The state is a remnant of the old society and a form which can only exist because the all-too-reversible revolutionary process is still underway. An identification with it, in moments of economic, political, and social crisis–which are all too likely given the enormous power of the forces of local reaction and international capital, imperialism, and fascism–can transform not only the state, but those who identify with it, into tools of reaction and restoration.

The proletarian state may be different in how we conceive of it and how it operates than the bourgeois state, but it is still a state, and as Lenin emphasized, it is still “economically and politically inevitable” that it still contain within itself “the bourgeois state without the bourgeoisie”. There would actually be no cause for abandoning hope at such junctures, if a ruthlessly critical party existed able to take a step back from the work of which it is so proud, through its revolutionary engagement with the experiences, needs, and contradictions of the revolutionary masses, rally itself to resume the work of changing the world.

Consider the New Economic Policy, which was put in place in the very years of the retreat leading up to the 1924 constitution, only for the party under Stalin to successfully reverse this policy and resume a revolutionary course through the five-year plans. I am not suggesting that no problems existed between 1930 and 1936, or that the Soviet Union became a “counter-revolutionary” structure in 1936. Simply that we see that a retreat, acknowledged by Lenin and Stalin, could be reversed during a certain period: this was because even though the state had entered a known inertia, the party still had the “fight” left in it to take on its own state.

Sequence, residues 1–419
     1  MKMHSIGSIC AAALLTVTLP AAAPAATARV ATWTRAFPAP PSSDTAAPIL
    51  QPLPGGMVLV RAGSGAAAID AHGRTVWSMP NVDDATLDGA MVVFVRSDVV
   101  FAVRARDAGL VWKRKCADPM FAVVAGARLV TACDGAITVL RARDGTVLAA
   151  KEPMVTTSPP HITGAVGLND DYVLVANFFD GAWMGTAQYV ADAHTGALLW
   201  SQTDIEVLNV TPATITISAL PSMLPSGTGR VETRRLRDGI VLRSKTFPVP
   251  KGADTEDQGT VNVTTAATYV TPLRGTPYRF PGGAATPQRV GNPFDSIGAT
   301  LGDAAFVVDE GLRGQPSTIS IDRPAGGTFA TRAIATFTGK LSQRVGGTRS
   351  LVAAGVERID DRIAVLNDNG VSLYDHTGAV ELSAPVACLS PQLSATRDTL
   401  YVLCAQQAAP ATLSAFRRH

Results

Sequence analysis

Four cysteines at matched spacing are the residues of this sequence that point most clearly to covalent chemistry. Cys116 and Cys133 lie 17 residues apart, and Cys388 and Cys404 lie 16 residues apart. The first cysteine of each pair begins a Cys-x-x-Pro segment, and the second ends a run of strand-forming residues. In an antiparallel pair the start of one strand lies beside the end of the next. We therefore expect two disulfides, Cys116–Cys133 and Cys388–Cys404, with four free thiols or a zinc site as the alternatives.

Tragically, after the 1936 constitution, the party which years before had such a dynamic relationship with the state and masses, became increasingly “dizzy with success”. The bureaucratization which set in, like the New Economic Policy and the 1924 constitution before it, was very likely inevitable on a state level: they reflected the reality of class struggle at that point. Admitting this and combating it, imagining the continuation of class struggle and its being raised to still higher heights, however, was entirely within the realm of possibility for the party. There is good reason why Comrade Stalin identified “[t]he communist bureaucrat” as “the most dangerous type of bureaucrat”:

Why? Because he masks his bureaucracy with the title of Party member.

I hope the attentive reader sees the connection between this trend and the importance of actively separating the party from the state in our minds.

 

Conclusion: the 1936 Constitution and anti-revisionism